According to the Wall Street Journal, the FTC is investigating whether retailer Toys-R-Us has violated the antitrust laws by inducing certain manufacturers to set minimum resale prices for their products (i.e., to engage in resale price maintenance, or “RPM”).
The Journal first reports that the Commission “is investigating whether [Toys-R-Us] may have violated an 11-year-old order to abstain from [RPM].” That seems a bit odd, for the law on RPM changed radically in 2007, when the U.S. Supreme Court’s Leegin decision held that the practice, which since 1911 had been deemed automatically illegal, would be subject to antitrust’s more lenient rule of reason. Given the sea change wrought by Leegin, any consent order entered 11 years ago would rest on shaky footing indeed.
[UPDATE: As the first comment below explains, the 11 year-old consent order was not aimed at RPM. I didn’t take a look at the order before drafting this post. I should have done so. Mea culpa. This oversight doesn’t alter my argument in the rest of this post.]
More notably, the Journal reports that the FTC may issue a new complaint against Toys-R-Us “for allegedly trying to fix the price of baby products” sold through its Babies-R-Us unit (“BRU”). This past summer, a federal district court certified a consumer class action against Toys-R-Us based on these same allegations. According to the Journal, the FTC has demanded emails from the discovery record in that action (the “BRU case”).
I’m not surprised that the FTC would want to get involved in the BRU case. The legal standard for evaluating instances of RPM is currently pretty unclear (as I explained in this article), and the FTC has a definite opinion on the issue. In considering whether to modify a pre-Leegin consent order entered in another RPM case (Nine West), the FTC took the position that any RPM initiated by retailers, rather than by the manufacturer, should be presumed illegal. If that’s the standard, then the RPM in the BRU case (which was apparently initiated by retailer BRU) should be illegal, at least presumptively. The FTC probably wants to jump into the case to procure a precedent adopting an “illegal if retailer-initiated” liability rule for RPM.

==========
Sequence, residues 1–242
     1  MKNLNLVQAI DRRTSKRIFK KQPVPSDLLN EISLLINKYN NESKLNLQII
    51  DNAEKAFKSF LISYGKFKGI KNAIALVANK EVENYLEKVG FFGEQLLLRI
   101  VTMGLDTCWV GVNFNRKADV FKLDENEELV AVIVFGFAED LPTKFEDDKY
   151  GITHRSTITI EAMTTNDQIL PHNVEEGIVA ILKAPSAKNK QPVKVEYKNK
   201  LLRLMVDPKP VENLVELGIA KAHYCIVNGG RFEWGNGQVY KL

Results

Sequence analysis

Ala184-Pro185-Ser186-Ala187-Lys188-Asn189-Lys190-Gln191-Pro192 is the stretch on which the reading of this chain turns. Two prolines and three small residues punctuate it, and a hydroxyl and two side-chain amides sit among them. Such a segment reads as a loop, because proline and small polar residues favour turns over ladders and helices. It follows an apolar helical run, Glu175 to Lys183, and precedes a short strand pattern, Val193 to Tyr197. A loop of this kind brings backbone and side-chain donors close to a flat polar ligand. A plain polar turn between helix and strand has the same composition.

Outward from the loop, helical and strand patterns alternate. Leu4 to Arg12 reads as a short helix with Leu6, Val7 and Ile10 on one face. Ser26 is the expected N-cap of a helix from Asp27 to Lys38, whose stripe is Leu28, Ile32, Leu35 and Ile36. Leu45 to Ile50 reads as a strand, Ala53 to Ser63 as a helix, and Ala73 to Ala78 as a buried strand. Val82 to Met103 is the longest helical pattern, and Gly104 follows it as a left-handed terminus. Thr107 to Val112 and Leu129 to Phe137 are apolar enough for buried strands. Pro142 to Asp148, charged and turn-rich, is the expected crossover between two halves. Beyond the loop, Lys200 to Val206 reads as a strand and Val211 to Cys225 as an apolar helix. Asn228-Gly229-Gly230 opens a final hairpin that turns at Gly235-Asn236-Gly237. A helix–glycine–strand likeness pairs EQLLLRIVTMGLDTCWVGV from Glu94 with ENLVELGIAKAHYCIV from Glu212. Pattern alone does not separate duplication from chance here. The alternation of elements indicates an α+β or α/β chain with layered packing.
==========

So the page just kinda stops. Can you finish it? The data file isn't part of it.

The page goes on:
The court hearing the consumer action against BRU has already endorsed a version of that rule. BRU had argued, consistent with well-accepted economic theory and empirical evidence, that RPM may promote competition, even if it raises consumer prices, because it may induce retailers to provide demand-enhancing, output-increasing services (especially those that might be subject to free-riding by cut-rate dealers). The district court concluded, though, that no such procompetitive benefits can follow from retailer-initiated RPM. Crediting the testimony of plaintiffs’ expert William Comanor, the court reasoned that “when a dominant distributor coerces a manufacturer to implement resale price maintenance — rather than the manufacturer adopting it unilaterally — the restraint has only anticompetitive effects.” Such reasoning would seem to entail a rule of per se illegality for dealer-initiated RPM.
As the BRU court explained, the intuition behind its “illegal if retailer-initiated” rule is that whereas “[m]anufacturer interests may be associated with procompetitive effects (creating demand for their products), … distributor interests are associated only with anticompetitive effects (restricting price competition).” But that intuition is mistaken.